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BEFORE THE ARBITRATOR

In the Matter of the Arbitration of a Dispute Between

VERNON COUNTY HIGHWAY AND RECYCLING EMPLOYEES LOCAL

UNION 1527, AFSCME, AFL-CIO

and

VERNON COUNTY

Case 101

No. 54918

MA-9826

Appearances:

Mr. Daniel R. Pfeifer, Staff Representative, Wisconsin Council 40, AFSCME, AFL-CIO, appearing on behalf of the Union.

Klos, Flynn & Papenfuss - Chartered, Attorneys at Law, by Mr. Jerome Klos, appearing on behalf of the County.

ARBITRATION AWARD

Vernon County Highway and Recycling Employees Local Union 1527, AFSCME, AFL-CIO, hereinafter referred to as the Union, and Vernon County, hereinafter referred to as the County, are parties to a collective bargaining agreement which provides for the final and binding arbitration of disputes arising thereunder. The Union made a request, with the concurrence of the County, that the Wisconsin Employment Relations Commission designate a member of its staff to act as an arbitrator to hear and decide a grievance over the meaning and application of the terms of the agreement. The undersigned was so designated. Hearing was held in Viroqua, Wisconsin, on June 4, 1997. The hearing was not transcribed. The County filed a post-hearing brief. The Union did not file a brief and the record was closed on October 7, 1997.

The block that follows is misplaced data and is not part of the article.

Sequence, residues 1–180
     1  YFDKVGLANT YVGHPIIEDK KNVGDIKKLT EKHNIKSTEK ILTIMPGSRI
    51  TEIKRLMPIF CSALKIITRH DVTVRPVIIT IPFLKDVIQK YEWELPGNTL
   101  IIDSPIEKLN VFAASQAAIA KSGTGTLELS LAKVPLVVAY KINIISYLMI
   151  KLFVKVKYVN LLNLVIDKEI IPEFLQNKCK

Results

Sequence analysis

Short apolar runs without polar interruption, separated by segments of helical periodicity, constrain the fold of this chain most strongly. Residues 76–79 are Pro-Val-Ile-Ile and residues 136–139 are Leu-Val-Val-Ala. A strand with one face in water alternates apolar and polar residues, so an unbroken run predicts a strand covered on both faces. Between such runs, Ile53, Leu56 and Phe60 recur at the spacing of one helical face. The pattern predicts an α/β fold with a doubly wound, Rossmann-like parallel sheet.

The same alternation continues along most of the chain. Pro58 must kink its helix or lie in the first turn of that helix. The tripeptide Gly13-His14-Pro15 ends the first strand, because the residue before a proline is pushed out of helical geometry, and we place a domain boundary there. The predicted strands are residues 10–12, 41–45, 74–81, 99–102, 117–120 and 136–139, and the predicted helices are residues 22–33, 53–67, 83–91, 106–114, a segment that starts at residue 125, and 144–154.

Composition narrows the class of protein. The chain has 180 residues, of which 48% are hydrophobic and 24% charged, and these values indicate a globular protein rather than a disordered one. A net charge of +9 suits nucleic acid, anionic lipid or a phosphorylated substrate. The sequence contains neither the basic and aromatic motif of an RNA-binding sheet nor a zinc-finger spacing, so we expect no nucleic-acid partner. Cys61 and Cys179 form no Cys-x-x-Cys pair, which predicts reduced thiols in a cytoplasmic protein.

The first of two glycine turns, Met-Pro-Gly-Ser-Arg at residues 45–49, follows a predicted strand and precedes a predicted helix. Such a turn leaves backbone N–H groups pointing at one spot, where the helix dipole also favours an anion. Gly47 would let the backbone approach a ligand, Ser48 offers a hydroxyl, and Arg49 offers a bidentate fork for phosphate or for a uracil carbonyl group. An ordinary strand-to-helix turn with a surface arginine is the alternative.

BACKGROUND:

The basic facts underlying the grievance are not in dispute. Recycling employes are paid time and one-half (1 1/2) their regular hourly rate for hours worked before 6:00 a.m. and after

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6:00 p.m. These hours are not included by the County in the basic forty hours worked per week after which all hours worked are at time and one-half (1 1/2) the regular hourly rate. The Union grieved the matter which was denied and appealed to the instant arbitration.

ISSUE:

The parties stipulated to the following:

Did the County violate the collective bargaining agreement by the manner in which it calculated overtime compensation for the recycling employes?